Call it brain sports.
While Akron's LeBron James continues to pull down more headlines than rebounds as the nation's highest-rated high school basketball player, some Ohioans wonder why the public often doesn't seem as fired up about academics as athletics.
For proof of that competitive spirit, look no further than the annual Toledo Area MATHCOUNTS competition.
“It's kind of like academic sports - brain sports,” 13-year-old Talea Cornelius beamed in describing the event, now in its 20th year both locally and nationally.
Talea, an eighth grader at Maumee Valley Country Day School, said it's pure fun because children learn how to compete against each other without the pressure of having a grade stuck to their school records. “You feel more free. It's your own choice to be here,” she said.
The regional event at the University of Toledo drew 160 middle-school students from 20 schools in nine northwest Ohio counties, not to mention a few dozen proud parents. Three teams - one each from Sylvania's McCord and Timberstone junior high schools, plus Maumee's Gateway Middle School - advanced to the March 8 state competition in Columbus, along with eight individual participants.
One of the highlights was the Countdown Round, in which students squared off against each other in a spelling bee-type format, except that questions were math problems.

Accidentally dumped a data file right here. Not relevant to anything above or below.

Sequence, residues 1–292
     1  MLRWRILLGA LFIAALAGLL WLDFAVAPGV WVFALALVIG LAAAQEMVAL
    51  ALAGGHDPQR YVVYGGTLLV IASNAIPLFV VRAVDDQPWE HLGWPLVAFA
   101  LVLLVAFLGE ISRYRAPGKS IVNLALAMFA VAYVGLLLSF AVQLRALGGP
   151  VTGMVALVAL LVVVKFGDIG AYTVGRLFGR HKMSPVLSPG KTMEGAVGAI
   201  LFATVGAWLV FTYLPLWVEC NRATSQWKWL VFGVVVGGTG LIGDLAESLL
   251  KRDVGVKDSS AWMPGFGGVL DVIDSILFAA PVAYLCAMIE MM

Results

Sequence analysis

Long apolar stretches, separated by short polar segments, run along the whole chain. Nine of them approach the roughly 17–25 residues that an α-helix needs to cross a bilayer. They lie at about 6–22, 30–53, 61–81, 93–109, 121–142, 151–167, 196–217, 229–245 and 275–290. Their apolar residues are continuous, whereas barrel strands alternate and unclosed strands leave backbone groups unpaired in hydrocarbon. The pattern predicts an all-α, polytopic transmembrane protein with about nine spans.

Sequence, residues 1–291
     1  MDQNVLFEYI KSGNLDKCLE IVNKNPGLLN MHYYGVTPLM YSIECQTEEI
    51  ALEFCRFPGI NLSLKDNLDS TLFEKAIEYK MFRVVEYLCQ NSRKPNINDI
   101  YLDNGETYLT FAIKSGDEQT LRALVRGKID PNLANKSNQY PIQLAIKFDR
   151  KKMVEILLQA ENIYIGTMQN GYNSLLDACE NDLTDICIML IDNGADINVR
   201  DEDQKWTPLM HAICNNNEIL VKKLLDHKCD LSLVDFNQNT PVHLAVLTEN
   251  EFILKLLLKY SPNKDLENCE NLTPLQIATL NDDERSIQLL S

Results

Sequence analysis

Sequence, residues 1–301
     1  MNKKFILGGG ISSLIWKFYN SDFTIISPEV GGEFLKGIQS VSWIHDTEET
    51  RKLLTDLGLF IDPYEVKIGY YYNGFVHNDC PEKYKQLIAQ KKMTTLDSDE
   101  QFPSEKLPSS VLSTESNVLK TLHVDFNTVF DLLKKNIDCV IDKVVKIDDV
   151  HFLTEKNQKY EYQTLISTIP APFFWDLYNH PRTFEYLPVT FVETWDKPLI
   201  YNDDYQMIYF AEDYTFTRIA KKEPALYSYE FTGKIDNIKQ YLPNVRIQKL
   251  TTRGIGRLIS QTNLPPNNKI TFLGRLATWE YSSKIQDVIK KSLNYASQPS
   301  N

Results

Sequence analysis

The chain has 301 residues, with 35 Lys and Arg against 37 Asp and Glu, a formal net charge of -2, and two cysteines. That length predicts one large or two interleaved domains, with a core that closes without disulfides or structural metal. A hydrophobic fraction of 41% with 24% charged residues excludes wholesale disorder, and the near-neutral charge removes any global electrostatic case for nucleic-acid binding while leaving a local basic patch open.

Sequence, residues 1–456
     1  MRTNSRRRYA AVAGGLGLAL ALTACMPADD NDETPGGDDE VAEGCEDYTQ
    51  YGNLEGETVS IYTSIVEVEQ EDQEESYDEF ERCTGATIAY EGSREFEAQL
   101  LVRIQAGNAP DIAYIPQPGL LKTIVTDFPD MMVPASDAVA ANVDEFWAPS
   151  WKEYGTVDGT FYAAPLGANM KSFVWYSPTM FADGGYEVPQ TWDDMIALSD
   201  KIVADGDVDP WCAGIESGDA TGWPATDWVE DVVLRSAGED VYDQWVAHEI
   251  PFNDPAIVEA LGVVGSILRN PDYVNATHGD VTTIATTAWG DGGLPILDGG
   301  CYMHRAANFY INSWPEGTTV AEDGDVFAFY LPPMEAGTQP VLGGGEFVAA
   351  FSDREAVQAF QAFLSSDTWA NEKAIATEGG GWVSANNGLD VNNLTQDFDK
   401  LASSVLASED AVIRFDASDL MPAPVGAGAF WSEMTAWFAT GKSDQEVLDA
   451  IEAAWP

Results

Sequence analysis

Victor Tehensky, 14, an eighth grader at Christ the King School, won that competition with his response to this: “What is the units digit of the sum of the squares of the first nine positive integers?”
“Five,” he said, garnering a standing ovation and cheers from the crowd.
He and the other finalist of that segment, Patrick McEwen, 13, an eighth grader at McCord Junior High School in Sylvania, said they liked MATHCOUNTS because it boosted their self-confidence.
It was the third year for both. Their advice to others: Don't get psyched out.
“Go with your gut,” Patrick said. “Don't second-guess yourself.”
The Countdown Round is the dessert that follows the meat and potatoes: lengthy written tests taken in the morning. Those tests are the basis for deciding who will advance to the state competition.
Bo Waggoner of Gateway Middle School in Maumee and Vivek Ratnam of Timberstone Junior High in Sylvania finished first and second overall, respectively. Both became eligible for $1,000 UT scholarships for their performances.
Bo, who is 13 and in eighth grade, was modest about his win. He finished 18th last year. He said he enjoyed MATHCOUNTS because it has encouraged him “to learn extra math info you wouldn't otherwise know.”
The local event has been coordinated the past 12 years by Dan Stark, senior project manager at SSOE, Inc. He said he is pleased by how it has piqued students' curiosity.
“They come in with a passion for math. We just want to reinforce that and help them along the way,” Scott Crewson, business manager at BP's Oregon refinery, agreed.
BP, the primary sponsor, has contributed $31,000 to the Toledo event since 1991.
Statewide, 1,800 students from 283 schools competed in 15 regional tournaments, Rich Irwin, state coordinator, said.